Page last updated at 16:02 GMT, Thursday, 13 December 2007

'No case' for longer terror limit

Policeman at Westminster
The government faces a battle over extending detention limits

Ministers have not made the case for extending the limit on holding terror suspects before they are charged, an influential committee of MPs has said.

The home affairs committee said there was no evidence to support extending it and suggested other changes such as allowing phone-tap evidence in court.

Ministers have proposed extending the current 28-day limit to 42 days.

Shadow home secretary David Davis said the committee's report "decimated" the argument for doing so.

The government and police say the limit needs to be extended because the complexity of terrorism plots is growing.

Intercept evidence

Home Secretary Jacqui Smith has proposed allowing a home secretary to extend the limit to 42 days in exceptional circumstances, if a joint report from the director of public prosecutions and a chief constable supported it. That decision would then be subject to a Parliamentary vote within 30 days.

We saw no evidence that there was a case for extending the pre-charge detention beyond 28 days
Keith Vaz
Committee chairman

But the report suggested that instead, the government should look at changing the law to allow the use of intercept evidence - such as evidence from phone taps or bugging - in courts - and to continue questioning suspects after they have been charged.

Intercept evidence is used in many other countries, but has been resisted in Britain for fear of compromising intelligence sources and of concerns that security staff will have to sift through huge amounts of evidence.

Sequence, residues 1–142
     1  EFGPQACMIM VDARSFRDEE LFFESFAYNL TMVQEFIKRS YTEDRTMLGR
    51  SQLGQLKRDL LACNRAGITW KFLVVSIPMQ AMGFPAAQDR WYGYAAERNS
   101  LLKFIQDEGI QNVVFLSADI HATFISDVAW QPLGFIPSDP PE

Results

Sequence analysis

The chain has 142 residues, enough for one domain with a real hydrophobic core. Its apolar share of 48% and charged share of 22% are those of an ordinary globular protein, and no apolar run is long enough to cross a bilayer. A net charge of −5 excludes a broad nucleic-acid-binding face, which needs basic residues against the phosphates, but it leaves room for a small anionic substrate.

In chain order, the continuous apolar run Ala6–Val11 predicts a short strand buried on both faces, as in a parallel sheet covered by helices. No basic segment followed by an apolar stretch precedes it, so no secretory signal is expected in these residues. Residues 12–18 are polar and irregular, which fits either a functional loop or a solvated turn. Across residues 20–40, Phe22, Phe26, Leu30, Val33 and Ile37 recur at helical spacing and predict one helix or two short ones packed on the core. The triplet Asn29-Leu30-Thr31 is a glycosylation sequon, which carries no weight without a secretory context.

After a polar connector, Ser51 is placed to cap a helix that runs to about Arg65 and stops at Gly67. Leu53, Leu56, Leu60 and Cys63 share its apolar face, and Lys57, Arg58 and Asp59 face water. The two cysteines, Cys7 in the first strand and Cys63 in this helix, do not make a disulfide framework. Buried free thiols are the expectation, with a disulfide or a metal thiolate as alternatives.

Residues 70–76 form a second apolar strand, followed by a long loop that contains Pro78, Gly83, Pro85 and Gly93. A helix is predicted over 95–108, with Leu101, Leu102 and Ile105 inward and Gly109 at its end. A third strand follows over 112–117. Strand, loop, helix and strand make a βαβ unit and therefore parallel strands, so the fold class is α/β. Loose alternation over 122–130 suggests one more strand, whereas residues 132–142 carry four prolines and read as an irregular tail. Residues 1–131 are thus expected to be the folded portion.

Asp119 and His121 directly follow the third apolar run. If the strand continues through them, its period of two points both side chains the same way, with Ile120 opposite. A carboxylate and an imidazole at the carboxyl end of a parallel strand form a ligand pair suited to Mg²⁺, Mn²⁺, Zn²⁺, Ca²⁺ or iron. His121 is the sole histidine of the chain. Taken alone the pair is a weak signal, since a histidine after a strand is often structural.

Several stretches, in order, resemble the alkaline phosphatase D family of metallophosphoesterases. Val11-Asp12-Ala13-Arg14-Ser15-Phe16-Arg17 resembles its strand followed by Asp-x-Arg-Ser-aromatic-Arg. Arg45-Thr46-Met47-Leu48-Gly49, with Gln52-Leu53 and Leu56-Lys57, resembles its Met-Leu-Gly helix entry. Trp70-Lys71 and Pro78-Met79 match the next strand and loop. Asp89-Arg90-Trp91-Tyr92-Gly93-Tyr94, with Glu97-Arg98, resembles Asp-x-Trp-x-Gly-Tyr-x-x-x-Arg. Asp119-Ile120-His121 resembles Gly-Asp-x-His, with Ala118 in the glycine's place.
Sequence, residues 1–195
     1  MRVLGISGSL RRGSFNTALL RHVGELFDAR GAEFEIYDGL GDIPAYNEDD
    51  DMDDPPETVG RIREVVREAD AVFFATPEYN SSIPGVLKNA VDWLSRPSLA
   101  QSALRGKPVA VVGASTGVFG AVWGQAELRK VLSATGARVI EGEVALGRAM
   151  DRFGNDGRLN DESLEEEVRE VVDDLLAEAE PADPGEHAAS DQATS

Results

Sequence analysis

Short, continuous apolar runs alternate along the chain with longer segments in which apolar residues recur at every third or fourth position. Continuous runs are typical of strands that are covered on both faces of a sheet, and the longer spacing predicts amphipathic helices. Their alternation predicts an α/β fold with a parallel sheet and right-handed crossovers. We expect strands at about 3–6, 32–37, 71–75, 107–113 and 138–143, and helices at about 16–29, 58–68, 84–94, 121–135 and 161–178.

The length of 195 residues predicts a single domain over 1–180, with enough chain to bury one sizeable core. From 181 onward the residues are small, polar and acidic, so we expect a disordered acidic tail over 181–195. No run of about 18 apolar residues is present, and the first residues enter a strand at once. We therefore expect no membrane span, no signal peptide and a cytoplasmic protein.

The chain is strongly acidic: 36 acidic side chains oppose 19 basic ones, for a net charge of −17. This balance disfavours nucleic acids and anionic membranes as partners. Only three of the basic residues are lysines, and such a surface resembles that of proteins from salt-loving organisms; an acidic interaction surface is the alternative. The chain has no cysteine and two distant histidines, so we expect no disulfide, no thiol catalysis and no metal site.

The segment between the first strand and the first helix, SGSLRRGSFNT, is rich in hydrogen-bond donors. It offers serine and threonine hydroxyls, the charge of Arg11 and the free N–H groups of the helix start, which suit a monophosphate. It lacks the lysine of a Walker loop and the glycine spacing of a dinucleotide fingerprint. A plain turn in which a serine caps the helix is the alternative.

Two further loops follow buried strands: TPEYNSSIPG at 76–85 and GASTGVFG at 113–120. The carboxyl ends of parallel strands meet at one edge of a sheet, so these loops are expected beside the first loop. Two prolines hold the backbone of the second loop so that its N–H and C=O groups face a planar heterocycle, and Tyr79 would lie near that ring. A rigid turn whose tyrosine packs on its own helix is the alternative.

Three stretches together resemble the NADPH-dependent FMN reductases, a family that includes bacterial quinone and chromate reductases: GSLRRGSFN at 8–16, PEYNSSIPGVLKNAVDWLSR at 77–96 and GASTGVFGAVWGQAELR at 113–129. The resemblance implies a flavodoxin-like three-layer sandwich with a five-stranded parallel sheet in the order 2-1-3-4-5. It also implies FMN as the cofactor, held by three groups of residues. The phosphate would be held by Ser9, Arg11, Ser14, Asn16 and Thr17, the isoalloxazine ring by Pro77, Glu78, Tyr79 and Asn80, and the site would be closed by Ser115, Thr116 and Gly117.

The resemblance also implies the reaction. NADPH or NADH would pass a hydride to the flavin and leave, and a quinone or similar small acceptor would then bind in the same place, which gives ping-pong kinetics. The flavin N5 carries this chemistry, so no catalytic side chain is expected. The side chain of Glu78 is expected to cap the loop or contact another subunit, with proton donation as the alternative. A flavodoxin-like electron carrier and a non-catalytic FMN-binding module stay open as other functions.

'Significant problems'

But the committee said it was "ridiculous" that other countries used it in court and British prosecutors were denied the right to do so.

Committee chairman Keith Vaz said the committee recognised there was a "real and acute" threat from terrorism but said there was a danger Muslims could come to view detention as a form of internment.

He said there should be "evidence of need" before limits were extended any further.

Locking people up for six weeks without charge is totally excessive
Kate Allen
Amnesty International

"The home secretary herself told us that only six of 71 responses to the government's proposals on going beyond 28 days were supportive. This was a surprisingly small number."

He added: "We saw no evidence that there was a case for extending the pre-charge detention beyond 28 days."

The committee also said that a proposal from the campaign group Liberty that the Civil Contingencies Act 2004 could be used to hold suspects longer in an emergency would cause "significant legal problems".

Committee split

The report added that "it would not be sensible for a national state of emergency to be triggered in the middle of a major investigation" but said the CCA powers could be reformed to allow a temporary extension.

That recommendation split the committee, with Labour backbencher David Winnick voting against the report - because he said he could not support any moves to extend the limit.

The home secretary should realise that all the evidence so far has undermined, not supported the case for extension
David Davis
Shadow home secretary

In 2005, Tony Blair suffered his first Commons defeat as prime minister after seeking to extend the detention without charge to 90 days.

Ministers face opposition from Tory, Lib Dem and some Labour MPs in any attempt to extend the detention limit.

Shadow home secretary David Davis said the report's conclusions "decimated" the home secretary's arguments and backed up the Tories' arguments against extension.

"The home secretary should realise that all the evidence so far has undermined, not supported the case for extension," he said.

Amnesty International's UK director Kate Allen said more and more people were fighting the "draconian" proposals.

"They quite rightly recognise that locking people up for six weeks without charge is totally excessive," she said.

Lib Dem home affairs spokesman Nick Clegg added: "The fact that this is an all-party committee with a majority of Labour members on it surely spells the end for Gordon Brown's misguided attempt to play tough on terrorism."



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